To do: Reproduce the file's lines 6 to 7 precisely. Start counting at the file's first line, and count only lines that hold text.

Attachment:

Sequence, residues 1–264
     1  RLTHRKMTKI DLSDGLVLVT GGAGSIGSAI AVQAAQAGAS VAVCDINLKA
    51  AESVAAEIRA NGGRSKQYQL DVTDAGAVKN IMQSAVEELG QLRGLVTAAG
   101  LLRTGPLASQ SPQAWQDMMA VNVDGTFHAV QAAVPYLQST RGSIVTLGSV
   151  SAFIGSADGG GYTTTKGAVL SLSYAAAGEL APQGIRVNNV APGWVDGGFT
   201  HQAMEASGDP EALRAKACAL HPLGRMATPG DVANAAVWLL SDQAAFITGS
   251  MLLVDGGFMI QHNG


   201  HQAMEASGDP EALRAKACAL HPLGRMATPG DVANAAVWLL SDQAAFITGS
   251  MLLVDGGFMI QHNG